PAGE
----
The following part is related to Guideline 4 – Combine Authority with Responsibility [1] and Guideline 5 – Contain Reciprocal Task Interdependencies [1].

Guideline 4 points out that in traditional organisational design, the organisation is divided vertically to split responsibility, and horizontally to divide authority. In this case the Product Engineering and Development department were parallel to each other. Yet, the Product Engineering department had the operational responsibility for the product and the final say on the product’s architecture. Consequently, Product Development had the responsibility to develop features, but Product Engineering had the authority to accept/decline changes – a combination of vertical and horizontal division, when looking at the whole Product department.

Guideline 5 suggests redesigning the organisation to contain the reciprocal interdependencies within one unit and manage those through constant information sharing and mutual adjustment.

Let’s look at a definition of reciprocal interdependence by Nicolay Worren: “Reciprocal interdependency means that there is a two-way, iterative relationship, in that the output of one process or unit is the input to the other process or unit, and vice versa.” [3]

The nature of most Pull Requests is reciprocal. Why? Because it is a back-and-forth between the submitter and the approver. The approver provides the feedback, typically asynchronously. The submitter incorporates the feedback and asks the approver to review it again. This practice leads to long waiting times and high WIP.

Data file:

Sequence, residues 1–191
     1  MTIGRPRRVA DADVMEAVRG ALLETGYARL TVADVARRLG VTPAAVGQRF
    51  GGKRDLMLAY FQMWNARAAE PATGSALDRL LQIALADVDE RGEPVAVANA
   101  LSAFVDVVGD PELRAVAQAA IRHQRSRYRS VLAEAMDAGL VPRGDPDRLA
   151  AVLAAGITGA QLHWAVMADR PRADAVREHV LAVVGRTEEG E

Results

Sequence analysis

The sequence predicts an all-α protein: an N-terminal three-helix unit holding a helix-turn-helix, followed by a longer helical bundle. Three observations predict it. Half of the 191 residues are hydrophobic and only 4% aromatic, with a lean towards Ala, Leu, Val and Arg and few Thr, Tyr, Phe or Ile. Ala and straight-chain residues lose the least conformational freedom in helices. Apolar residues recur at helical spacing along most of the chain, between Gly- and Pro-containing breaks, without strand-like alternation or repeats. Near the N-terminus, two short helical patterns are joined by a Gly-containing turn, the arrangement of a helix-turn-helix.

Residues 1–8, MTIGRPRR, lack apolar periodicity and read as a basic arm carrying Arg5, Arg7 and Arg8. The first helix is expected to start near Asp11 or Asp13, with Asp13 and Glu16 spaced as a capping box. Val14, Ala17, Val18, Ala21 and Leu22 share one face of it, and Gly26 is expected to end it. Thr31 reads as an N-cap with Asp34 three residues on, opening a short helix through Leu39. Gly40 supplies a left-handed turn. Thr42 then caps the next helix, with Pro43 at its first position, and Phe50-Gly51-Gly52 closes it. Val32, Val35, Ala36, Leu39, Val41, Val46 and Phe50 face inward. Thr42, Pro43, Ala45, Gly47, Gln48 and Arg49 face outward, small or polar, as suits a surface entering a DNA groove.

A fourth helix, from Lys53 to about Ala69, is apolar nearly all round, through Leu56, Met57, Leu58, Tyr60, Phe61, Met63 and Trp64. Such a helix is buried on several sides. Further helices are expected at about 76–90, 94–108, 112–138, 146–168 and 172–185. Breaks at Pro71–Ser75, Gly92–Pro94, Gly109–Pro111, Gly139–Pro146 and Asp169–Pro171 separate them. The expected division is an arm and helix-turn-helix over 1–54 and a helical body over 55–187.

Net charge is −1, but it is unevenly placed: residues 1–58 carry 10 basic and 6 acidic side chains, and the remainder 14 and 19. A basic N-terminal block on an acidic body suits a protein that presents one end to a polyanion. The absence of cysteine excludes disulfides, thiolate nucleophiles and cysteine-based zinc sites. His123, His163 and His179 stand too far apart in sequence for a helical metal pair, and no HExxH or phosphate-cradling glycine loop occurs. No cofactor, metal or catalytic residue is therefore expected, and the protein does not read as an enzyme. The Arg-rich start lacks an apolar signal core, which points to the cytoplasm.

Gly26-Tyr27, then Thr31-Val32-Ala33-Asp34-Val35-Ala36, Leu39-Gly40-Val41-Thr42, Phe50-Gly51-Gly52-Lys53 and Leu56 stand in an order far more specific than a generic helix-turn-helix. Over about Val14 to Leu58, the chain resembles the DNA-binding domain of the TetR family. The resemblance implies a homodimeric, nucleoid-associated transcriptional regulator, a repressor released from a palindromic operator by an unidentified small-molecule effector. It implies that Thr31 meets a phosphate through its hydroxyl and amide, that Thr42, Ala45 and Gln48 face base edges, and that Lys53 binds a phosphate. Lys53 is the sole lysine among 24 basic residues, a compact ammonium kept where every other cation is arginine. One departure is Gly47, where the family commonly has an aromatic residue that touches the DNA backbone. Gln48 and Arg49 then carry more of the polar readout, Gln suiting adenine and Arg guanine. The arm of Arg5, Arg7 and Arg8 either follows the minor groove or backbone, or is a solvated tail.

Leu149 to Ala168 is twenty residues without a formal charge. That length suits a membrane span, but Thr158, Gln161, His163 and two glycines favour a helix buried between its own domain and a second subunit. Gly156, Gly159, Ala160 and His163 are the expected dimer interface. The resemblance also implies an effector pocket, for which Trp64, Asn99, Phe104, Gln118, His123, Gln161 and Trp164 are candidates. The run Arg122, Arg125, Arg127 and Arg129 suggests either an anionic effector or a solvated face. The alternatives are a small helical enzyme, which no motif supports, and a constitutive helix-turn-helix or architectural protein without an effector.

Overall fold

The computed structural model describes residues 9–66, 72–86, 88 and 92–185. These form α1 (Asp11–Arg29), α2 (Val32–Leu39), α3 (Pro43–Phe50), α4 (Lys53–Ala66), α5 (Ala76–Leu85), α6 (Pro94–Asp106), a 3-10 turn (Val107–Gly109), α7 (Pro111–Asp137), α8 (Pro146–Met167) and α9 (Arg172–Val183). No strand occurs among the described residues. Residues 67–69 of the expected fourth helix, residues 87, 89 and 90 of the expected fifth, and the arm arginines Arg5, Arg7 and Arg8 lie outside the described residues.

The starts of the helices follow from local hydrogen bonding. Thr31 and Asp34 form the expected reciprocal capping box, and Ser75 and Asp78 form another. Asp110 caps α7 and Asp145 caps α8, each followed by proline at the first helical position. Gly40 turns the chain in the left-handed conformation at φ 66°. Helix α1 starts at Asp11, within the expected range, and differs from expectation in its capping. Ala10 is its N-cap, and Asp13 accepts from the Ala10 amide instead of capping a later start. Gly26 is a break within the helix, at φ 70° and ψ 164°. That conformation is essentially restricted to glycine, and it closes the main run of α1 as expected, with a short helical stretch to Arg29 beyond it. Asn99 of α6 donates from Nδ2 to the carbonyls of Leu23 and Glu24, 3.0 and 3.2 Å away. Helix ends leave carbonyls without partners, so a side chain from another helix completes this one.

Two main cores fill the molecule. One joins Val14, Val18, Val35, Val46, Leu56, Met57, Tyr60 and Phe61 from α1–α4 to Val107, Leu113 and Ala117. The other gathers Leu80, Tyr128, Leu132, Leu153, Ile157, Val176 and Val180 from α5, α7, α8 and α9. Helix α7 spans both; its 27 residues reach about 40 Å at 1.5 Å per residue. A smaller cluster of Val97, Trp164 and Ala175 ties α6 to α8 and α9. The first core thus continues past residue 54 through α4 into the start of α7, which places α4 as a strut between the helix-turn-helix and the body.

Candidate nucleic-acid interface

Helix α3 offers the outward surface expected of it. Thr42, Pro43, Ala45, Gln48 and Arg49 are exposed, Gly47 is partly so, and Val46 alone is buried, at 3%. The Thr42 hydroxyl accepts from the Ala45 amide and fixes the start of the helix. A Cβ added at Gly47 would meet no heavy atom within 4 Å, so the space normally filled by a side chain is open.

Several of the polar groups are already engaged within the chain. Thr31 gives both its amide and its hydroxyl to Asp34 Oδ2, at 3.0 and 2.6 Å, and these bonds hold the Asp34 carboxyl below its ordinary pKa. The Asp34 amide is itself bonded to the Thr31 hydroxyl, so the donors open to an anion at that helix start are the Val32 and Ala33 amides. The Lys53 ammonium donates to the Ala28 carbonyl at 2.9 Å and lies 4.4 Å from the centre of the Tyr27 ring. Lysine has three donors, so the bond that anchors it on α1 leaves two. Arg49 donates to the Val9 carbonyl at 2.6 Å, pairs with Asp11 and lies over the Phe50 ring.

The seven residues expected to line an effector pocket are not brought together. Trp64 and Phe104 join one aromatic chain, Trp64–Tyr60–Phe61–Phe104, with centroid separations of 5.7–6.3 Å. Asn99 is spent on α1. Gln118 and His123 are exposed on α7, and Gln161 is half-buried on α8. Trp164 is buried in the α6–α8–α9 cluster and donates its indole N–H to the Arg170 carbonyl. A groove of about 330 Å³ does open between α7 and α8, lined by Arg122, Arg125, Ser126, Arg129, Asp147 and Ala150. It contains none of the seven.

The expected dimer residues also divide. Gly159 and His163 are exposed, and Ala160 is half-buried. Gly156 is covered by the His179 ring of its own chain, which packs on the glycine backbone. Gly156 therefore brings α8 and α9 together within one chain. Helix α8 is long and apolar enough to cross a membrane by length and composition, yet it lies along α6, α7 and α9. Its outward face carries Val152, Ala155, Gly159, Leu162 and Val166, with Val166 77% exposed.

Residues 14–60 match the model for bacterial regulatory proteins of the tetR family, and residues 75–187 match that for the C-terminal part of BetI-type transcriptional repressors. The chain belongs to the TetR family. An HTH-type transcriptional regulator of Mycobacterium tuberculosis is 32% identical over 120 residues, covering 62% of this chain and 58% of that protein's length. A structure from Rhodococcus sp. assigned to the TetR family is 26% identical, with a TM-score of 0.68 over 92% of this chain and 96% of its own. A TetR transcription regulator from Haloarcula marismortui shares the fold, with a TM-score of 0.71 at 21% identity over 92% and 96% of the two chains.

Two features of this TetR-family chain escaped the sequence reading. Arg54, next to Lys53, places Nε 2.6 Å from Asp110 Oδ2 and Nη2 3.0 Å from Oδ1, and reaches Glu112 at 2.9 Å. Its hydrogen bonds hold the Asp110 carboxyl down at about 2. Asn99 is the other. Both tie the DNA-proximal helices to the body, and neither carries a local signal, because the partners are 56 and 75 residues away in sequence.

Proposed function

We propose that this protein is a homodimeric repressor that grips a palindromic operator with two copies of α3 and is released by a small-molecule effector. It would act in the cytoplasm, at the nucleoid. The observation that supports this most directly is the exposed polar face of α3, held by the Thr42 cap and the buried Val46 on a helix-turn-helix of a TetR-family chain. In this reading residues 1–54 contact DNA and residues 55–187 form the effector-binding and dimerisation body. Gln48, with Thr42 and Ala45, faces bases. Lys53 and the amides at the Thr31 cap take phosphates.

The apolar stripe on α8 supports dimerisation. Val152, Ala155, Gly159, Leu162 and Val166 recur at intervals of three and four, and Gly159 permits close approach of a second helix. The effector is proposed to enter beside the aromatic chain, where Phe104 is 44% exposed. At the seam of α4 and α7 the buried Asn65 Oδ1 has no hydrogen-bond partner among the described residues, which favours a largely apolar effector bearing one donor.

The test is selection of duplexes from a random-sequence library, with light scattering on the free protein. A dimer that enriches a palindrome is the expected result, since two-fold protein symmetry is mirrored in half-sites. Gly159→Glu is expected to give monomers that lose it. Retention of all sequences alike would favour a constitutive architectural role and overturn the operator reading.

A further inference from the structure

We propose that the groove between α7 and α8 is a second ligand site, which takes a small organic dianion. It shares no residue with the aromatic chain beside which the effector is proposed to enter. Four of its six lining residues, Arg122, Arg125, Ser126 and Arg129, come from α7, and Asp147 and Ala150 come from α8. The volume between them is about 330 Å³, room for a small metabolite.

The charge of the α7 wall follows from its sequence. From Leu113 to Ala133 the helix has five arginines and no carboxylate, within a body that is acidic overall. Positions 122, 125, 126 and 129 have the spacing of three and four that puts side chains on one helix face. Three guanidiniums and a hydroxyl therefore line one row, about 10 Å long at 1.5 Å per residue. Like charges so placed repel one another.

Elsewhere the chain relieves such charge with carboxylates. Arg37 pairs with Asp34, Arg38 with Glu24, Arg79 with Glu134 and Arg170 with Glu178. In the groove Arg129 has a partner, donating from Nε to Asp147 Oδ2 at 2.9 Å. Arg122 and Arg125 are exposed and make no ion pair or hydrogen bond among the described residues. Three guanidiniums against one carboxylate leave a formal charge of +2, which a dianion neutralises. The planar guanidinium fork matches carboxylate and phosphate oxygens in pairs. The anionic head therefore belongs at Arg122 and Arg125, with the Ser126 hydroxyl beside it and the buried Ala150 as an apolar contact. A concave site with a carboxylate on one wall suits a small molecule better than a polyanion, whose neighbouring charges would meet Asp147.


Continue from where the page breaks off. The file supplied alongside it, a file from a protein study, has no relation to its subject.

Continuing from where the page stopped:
To address the dependencies between Product Engineering and Product Development, the You-Build-It-You-Run-It (YBIYRI) initiative was created. Its goal was to reduce dependencies on Product Engineering by equipping Product Development with the necessary knowledge and skills, thus shortening the time to “in-production.”

Key point: The overarching scheme was to resolve the dependencies through knowledge acquisition, rather than restructuring. As a result, the original problem of reciprocal interdependencies, and hence the responsibility allocation, as described in paragraph The Problem, remains unchanged. Consequently, this approach can only be a short-term solution.

Our Multi-Step Approach to Higher Focus and Flow

The first step was to shorten the release-to-production-cycle-time. Initially, it was once per month and was changed to once per week. Meaning that everything that was merged in the mainline was released to production weekly.

The second step was to have Product Engineering teams coach and support the Product Development teams. By working together, cross-team learning and trust increased. The first coached team was able to release to production after a short coaching time.